Tuesday, 10 September 2019

The global financial system

Are we at the beginning of the biggest global financial meltdown yet to be recorded in human history?

The American president Donald Trump is focused on and obsessed with the fact that we bought $543 billion worth of stuff from China last year, and we sold $120 billion. It is not because of bad trade deals The Donald thinks that his predecessor made, or because the Chinese are the worst kind of trade cheats in world history. The reason is the economic differential [the economic cost and wage gap between the two countries is so great], that we have this huge imbalance. The Fed is the partial cause of that economic and cost differential.

If you look at manufacturing, the average wage is over $30, which includes the cash wage plus the health benefits, retirement, and Social Security taxes, and all the rest of it. In China, it is about $5. When you have $30 versus $5, it tells you all you need to know.

So, we have this huge gap overall, which is $423 billion, in other words, exports minus imports. Now almost 55% of that is accounted for by two trade code categories that really focus on smartphones, laptops, desktops, other computer equipment, electronics, and so forth.

Apple iPhones and the whole rest of it [the supply chain has been entirely transplanted to China. That’s because of a wage arbitrage. Last year, in those categories, the US imported $275 billion worth of stuff, including about $90 billion worth of cell phones] and then exported to them only $27 billion worth of stuff. So, there is a massive 10-to-1 ratio of imports to exports, and it is due to wage and cost differences, not because the Chinese cheat. The point is you are not going to negotiate that away.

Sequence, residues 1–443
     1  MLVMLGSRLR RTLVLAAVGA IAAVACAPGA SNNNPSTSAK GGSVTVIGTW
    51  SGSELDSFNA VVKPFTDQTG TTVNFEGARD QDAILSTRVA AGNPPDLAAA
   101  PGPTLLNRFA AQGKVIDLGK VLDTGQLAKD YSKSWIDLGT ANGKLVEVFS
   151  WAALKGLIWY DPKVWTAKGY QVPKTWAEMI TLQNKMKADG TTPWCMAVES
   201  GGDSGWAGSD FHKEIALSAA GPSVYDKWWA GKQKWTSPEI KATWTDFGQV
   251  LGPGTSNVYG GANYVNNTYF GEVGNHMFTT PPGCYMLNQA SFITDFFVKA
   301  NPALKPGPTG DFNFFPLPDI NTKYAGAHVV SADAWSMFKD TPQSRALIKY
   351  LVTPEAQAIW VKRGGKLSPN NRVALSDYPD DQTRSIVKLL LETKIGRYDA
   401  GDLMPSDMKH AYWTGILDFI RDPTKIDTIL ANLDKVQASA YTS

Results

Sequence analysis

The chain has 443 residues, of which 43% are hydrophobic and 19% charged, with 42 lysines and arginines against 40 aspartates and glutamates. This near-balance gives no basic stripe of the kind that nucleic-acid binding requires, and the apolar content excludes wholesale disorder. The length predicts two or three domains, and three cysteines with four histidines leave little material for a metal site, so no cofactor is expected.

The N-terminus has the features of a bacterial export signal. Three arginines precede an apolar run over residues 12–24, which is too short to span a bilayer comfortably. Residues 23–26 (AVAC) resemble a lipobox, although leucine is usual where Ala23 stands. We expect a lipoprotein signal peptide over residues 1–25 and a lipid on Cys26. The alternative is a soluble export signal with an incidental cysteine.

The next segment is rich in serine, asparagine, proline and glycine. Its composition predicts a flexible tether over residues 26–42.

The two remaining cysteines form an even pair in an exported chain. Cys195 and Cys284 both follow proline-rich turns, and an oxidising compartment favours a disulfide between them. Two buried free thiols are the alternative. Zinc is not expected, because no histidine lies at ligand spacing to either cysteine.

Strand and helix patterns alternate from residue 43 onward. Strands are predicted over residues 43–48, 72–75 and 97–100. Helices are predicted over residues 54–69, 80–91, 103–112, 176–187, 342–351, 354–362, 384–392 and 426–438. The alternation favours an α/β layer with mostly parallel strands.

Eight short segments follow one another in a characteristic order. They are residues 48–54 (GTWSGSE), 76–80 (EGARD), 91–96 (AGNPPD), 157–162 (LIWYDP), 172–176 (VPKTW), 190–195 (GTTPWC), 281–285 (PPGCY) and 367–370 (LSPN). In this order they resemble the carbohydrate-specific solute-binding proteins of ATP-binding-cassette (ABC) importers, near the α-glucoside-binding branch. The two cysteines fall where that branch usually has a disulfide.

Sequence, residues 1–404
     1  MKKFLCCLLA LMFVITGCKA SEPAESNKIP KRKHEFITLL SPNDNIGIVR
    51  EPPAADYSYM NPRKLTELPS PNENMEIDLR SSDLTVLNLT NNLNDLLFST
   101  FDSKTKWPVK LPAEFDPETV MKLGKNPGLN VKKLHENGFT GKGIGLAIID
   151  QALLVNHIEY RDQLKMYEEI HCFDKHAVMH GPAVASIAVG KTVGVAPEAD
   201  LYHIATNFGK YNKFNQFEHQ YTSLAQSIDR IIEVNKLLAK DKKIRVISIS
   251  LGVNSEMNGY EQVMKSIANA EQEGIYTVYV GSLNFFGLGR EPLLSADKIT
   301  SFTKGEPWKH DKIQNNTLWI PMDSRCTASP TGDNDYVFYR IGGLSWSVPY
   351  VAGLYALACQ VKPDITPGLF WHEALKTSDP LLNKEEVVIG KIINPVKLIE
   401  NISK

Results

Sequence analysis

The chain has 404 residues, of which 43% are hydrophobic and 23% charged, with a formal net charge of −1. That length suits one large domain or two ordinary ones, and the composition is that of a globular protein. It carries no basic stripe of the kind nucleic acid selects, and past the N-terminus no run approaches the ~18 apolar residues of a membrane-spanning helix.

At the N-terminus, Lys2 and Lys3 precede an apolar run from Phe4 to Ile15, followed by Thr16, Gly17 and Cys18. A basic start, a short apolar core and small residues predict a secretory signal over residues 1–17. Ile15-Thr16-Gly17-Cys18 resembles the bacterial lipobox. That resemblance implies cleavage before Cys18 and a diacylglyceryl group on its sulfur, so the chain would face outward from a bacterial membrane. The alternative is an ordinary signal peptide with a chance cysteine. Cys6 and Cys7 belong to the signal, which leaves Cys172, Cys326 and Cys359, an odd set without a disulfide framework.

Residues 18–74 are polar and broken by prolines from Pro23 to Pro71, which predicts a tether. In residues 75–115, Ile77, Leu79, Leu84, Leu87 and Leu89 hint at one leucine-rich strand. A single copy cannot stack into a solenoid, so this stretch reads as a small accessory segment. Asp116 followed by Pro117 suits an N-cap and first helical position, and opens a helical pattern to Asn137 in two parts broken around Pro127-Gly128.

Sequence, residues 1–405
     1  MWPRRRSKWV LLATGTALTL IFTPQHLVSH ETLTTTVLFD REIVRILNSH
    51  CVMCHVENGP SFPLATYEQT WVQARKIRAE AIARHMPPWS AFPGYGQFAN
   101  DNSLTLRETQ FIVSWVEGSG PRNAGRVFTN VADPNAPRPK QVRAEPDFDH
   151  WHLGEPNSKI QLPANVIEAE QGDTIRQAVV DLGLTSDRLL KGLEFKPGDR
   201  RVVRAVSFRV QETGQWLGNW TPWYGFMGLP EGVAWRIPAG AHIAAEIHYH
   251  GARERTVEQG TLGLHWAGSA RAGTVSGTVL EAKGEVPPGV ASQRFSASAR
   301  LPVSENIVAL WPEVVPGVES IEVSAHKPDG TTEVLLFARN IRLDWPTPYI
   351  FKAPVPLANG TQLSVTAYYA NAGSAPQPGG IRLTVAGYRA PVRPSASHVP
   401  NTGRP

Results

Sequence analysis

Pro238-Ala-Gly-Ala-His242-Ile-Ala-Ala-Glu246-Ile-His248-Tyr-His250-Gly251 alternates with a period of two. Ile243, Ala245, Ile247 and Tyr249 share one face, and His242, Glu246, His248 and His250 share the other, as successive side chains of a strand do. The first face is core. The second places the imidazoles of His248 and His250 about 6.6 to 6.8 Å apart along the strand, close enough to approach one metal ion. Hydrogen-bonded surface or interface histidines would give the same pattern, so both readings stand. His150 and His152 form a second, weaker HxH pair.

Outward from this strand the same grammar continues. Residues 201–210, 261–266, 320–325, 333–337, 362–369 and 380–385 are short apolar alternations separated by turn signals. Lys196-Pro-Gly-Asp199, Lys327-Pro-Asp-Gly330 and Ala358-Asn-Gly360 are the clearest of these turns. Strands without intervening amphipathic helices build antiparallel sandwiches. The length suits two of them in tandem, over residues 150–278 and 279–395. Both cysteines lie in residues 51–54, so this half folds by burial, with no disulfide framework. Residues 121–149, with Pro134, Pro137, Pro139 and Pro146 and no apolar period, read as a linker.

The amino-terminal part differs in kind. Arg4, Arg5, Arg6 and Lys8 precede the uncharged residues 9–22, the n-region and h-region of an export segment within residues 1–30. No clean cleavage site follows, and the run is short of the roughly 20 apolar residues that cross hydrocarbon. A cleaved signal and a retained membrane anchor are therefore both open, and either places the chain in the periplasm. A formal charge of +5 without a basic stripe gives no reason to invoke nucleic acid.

Donald Trump has identified the problem of $423 billion merchandise trade deficit of one country. He is only going to blow up the global trading system and supply chains with these idiotic tariffs. They are really getting pretty serious.

After the 2008 crisis, the Fed kept interest rates artificially low, as a “temporary” measure. All this did was create easy money and pump up the stock market. The Fed’s attempt to normalize interest rates caused the stock market to tank. They’ve since capitulated and ended the tightening cycle.

You could say they will go to quantitative easing [QE]. I doubt that. The QE experiment has failed entirely. We have had massive increases in the Fed’s balance sheet, which went from about $850 billion on the eve of the subprime crisis to a peak of $4.5 trillion. Ben Bernanke promised at the time and said it over and over: This is an emergency. It is the 100-year flood. It is a one-time thing. We will normalise as soon as the economy has stabilised.

There is no doubt that this is not going to stop anytime soon.

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